WHAT IS THE SAID PRINCIPLE?
SAID stands for specific adaptation to imposed demand! The idea behind this principle is that our bodies will adapt (to an extent) to the stresses that it is put under, whether that be stresses from life or from training. Our bodies are incredible and are capable of making changes to meet the needs that we cause them to perceive as necessary. Now, there are limitations to this. For example, just because you sit in the sauna at your gym for a half hour every day, doesn’t mean that you would one day be able to exist totally in 150o temperatures. That being said, there is much understanding of your body—and how to train it—to be gained from this principle!
WHAT DOES THIS MEAN IF I AM AN ATHLETE (PLAY A SPECIFIC SPORT)?
According to the SAID principle, it matters how you train for your sport. While some sports may be similar, they all have their differences. Because of this, athletes must train differently, so that the imposed demands that they are placing on their bodies lead to specific adaptations to propel them to a higher level of performance. Take for example the men in in these pictures. I don’t want you to compare their physiques, but rather the different demands that their sports require. Usain Bolt (an Olympic sprinter), and Lesisa Desisa (a professional long-distance runner) both run for a living. However, they obviously don’t run the same way. Bolt runs for very short distances very fast, while Desisa runs for very long distances without stopping. These two athletes would likely not perform well in the other’s sport. Why? Because they train in very specific ways to simulate their sport. Bolt does not run multiple miles a day to become an Olympic gold medalist in the 100m. He imposes demands on his body similar to the competition. Take now the other two athletes: Blaine Sumner (a world champion powerlifter), and Donnell Whitenburg (a USA gymnast). It is likely that Blaine Sumner could not control his body weight on the rings very long. Likewise, it is unlikely that Whitenburg could squat 1,000+ pounds. Why? Because neither of these athletes train to be able to do that. They train to win in their respective sports. The physiology behind these adaptations is complex, but for now just understand that the body will change according to how we train as athletes.
This idea also stands true in the world of rehabilitation. A football player and a ballerina with the same injury would not rehab that injury the same way. Athletes require rehab programs that are tailored to the demands of their sport (with respect to the level of injury) in order to return to the field/court/stage close to or at the same level they were pre-injury. Dr. Barry Dale explains “If the rehabilitated athlete cannot perform activities specific to his or her sport on completion of the rehabilitation program, it does not matter whether the athlete regains normal range of motion and strength, agility, and power. The rehabilitation program would have failed if this were to happen.” So, not only does the normal everyday training of an athlete need to be specific to that athlete and sport, but the rehab introduced following injury needs to be sport-specific as well!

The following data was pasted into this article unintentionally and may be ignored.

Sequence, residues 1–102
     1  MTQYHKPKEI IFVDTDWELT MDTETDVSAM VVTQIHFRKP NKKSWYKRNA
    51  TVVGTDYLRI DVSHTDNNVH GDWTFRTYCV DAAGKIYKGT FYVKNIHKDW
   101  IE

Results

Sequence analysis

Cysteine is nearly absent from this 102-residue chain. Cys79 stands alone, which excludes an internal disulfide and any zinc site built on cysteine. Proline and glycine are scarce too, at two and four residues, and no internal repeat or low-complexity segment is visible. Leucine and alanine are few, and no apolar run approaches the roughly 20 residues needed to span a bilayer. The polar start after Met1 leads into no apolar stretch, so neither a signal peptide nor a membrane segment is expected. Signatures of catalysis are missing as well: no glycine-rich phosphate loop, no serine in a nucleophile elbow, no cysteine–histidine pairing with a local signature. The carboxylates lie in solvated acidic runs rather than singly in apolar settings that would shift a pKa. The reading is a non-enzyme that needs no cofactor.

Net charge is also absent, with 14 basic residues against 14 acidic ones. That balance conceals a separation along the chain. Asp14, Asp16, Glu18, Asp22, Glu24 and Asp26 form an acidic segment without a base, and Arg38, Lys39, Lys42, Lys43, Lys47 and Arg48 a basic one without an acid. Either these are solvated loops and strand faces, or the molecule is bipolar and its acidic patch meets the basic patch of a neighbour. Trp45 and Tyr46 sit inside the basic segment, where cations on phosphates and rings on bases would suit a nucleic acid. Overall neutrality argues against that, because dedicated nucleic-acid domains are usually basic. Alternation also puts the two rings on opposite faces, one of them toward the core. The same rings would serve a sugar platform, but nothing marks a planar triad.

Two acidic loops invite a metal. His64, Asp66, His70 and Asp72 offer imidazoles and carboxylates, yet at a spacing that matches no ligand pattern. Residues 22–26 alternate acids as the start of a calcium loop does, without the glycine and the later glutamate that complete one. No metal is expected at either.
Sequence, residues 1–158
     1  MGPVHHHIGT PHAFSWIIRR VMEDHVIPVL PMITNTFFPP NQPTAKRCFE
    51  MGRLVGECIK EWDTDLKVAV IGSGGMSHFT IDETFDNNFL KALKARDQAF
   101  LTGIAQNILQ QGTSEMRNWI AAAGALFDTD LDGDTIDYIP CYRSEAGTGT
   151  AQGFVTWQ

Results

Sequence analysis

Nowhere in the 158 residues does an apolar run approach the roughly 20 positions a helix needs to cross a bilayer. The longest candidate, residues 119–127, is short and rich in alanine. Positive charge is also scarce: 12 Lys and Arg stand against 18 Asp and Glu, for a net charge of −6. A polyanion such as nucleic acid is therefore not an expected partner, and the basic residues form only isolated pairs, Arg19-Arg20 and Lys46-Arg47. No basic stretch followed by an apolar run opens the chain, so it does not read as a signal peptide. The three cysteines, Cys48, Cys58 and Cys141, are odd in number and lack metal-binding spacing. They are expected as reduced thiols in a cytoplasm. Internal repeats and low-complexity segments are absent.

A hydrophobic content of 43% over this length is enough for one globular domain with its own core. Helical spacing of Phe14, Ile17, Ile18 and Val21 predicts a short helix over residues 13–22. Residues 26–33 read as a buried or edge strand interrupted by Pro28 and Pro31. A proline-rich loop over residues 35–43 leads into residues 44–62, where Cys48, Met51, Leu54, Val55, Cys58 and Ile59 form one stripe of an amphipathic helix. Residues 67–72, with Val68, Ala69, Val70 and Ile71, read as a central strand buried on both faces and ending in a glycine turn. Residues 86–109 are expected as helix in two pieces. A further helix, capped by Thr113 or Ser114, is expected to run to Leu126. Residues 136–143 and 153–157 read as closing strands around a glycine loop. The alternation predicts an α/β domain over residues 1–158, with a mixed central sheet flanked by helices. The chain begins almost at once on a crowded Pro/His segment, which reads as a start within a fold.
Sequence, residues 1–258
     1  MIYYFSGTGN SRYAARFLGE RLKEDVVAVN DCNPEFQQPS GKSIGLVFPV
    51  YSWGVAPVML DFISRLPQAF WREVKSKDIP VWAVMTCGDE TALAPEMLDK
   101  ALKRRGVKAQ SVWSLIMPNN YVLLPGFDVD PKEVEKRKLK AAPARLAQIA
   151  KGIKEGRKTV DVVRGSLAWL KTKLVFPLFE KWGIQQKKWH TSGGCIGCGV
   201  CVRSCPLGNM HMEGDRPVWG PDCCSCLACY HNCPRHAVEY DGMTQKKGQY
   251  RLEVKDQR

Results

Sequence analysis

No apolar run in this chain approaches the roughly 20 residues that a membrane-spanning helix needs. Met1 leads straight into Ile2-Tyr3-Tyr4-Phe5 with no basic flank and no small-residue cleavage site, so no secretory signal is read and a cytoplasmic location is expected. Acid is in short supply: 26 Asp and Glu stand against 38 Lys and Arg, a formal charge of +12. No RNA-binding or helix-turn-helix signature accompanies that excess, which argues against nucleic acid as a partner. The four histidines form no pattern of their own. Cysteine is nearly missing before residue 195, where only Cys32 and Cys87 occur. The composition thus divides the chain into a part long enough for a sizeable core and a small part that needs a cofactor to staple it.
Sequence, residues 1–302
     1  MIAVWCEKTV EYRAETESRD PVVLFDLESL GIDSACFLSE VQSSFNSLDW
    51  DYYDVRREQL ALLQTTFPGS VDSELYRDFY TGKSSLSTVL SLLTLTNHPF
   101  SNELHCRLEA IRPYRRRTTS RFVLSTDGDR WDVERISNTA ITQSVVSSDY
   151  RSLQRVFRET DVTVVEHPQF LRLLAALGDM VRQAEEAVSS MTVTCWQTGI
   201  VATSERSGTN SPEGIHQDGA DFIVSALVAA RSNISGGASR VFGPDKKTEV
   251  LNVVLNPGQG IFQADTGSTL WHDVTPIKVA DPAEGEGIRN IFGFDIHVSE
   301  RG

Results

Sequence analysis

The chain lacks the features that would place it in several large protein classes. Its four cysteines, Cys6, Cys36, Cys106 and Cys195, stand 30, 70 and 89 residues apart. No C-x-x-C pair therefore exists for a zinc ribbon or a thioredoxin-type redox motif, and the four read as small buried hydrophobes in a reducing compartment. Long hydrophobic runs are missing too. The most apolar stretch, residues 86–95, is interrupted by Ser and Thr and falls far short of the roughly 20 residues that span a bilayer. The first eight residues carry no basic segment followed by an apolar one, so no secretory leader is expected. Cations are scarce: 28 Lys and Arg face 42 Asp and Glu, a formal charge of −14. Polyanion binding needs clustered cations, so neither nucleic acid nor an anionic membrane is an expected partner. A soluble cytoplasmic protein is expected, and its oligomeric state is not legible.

WHAT DOES THIS MEAN IF I AM NOT AN ATHLETE (DON’T PLAY A SPECIFIC SPORT)?
For those of us who don’t play any specific sport, understanding this principle can be an encouragement for those of us trying to begin exercising in general. We have all had a family member or friend quit soon after starting to exercise (be it running, biking, or lifting weights) because they felt pain or discomfort or soreness and said their bodies either couldn’t handle it or weren’t used to it. Well lucky them, as long as they [slowly] progress their training level without injury or overtiring (and in the absence of any other serious conditions), their bodies will adapt to that training! On the contrary, if you don’t use it you lose it. If our bodies realize that they no longer need to adapt to those demands because we stop training, they will adapt to not training. We lose muscle strength/density/size faster with rest than we gain it with exercise!
-The SAID Principle stand for Specific Adaptation to Imposed Demand
-The type of training we do as athletes must be specific to our sport, so that the adaptations our bodies make are specific to the demands of our sport
-Exercise for non-athletes can become encouraging when we realize that our bodies will soon adapt to meet the demands we are placing on it
-We lose muscle strength faster with rest than we gain it with exercise
Andrews, James R. Physical Rehabilitation of the Injured Athlete. ElsevierSaunders, 2012.
Kulig, K., et al. “An Intensive, Progressive Exercise Program Reduces Disability and Improves Functional Performance in Patients After Single-Level Lumbar Microdiskectomy.” Physical Therapy, vol. 89, no. 11, 2009, pp. 1145–1157.
Liebenson, C. Rehabilitation of the Spine: a Practitioner's Manual. Lippincott Williams & Wilkins, 2007.
Renno, A, et al. “Effects of a Progressive Loading Exercise Program on the Bone and Skeletal Muscle Properties of Female Osteopenic Rats☆☆☆.” Experimental Gerontology, vol. 42, no. 6, 2007, pp. 517–522.